By smooshing your baby into your breast you are actually encouraging them to let go. It is also a little unpleasant. That sounds mean, but your baby cannot be biting your nipple. Damaging their food source hurts everyone.
A third option worked really well for us when my girls were a bit older. If one girl bit me I would remove her from the nursing pillow and place her on the floor. My twins are very food motivated and did not like this.
I would go back and finish feeding the offender after a few moments, but not being able to eat was a consequence enough to end the behavior. (Get more details on how to handle biting here–> What To Do When Breastfeeding Twins Bite.)
What if my twins mess with each other while nursing?
Once your twins are a few months old they will become aware that their sibling is eating with them too. And yes, they might want to play with each other. This is cute to a point but can become a distraction.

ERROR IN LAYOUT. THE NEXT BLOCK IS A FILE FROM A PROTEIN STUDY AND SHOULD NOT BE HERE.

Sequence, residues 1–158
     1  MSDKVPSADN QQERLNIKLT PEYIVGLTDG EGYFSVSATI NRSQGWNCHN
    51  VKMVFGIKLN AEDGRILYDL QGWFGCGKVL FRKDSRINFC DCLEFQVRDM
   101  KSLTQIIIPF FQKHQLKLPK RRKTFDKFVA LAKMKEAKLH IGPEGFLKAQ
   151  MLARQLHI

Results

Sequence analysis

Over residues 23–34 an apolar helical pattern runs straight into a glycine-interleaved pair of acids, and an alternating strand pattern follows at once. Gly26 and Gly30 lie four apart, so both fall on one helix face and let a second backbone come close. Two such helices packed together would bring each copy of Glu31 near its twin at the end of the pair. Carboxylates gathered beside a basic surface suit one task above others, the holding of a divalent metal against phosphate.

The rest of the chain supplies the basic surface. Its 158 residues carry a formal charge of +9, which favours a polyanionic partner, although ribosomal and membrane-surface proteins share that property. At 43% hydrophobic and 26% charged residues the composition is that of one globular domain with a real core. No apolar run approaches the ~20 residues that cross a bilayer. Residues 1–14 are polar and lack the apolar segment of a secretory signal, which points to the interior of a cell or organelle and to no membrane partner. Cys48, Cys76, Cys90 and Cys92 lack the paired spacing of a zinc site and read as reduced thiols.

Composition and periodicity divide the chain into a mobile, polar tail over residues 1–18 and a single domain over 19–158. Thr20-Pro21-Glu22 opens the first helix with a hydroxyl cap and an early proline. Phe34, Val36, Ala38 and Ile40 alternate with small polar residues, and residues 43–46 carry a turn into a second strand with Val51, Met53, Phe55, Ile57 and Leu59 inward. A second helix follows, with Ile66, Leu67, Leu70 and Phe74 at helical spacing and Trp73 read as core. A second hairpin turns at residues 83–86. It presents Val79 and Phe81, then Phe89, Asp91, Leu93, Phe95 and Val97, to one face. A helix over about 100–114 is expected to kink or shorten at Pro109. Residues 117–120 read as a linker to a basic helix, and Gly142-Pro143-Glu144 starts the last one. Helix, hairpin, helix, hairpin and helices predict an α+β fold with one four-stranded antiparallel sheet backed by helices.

(Or they might try to pull the nipple out of the others mouth as mine would. I tried explaining to them that they did not get more food if their sibling didn’t eat, but they didn’t believe me.)
I would roll up a burp cloth and place it between their heads as a divider. It was soft, but it prevented them from touching each other too much.
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What if my twins pinch me while nursing?
Another ouch. Babies tend to grab and pinch the breast while they eat. As they get older and stronger this can hurt a bit. With my singleton, I would gently hold my baby’s hands until he got the message to stop.
But twins means four tiny hands and two mama hands. You can let your babies play with your hands. I would also place a cloth or soft toy by my breast for them to grab as an alternative. No one wants tiny bruises on their breasts, trust me.